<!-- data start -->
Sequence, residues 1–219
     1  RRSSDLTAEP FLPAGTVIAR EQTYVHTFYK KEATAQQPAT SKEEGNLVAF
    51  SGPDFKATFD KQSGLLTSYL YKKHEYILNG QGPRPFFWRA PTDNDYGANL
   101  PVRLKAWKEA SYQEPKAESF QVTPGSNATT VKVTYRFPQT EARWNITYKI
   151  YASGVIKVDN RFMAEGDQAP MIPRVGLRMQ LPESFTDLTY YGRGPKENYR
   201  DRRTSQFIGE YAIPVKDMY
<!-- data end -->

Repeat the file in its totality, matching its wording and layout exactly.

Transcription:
Sequence, residues 1–219
     1  RRSSDLTAEP FLPAGTVIAR EQTYVHTFYK KEATAQQPAT SKEEGNLVAF
    51  SGPDFKATFD KQSGLLTSYL YKKHEYILNG QGPRPFFWRA PTDNDYGANL
   101  PVRLKAWKEA SYQEPKAESF QVTPGSNATT VKVTYRFPQT EARWNITYKI
   151  YASGVIKVDN RFMAEGDQAP MIPRVGLRMQ LPESFTDLTY YGRGPKENYR
   201  DRRTSQFIGE YAIPVKDMY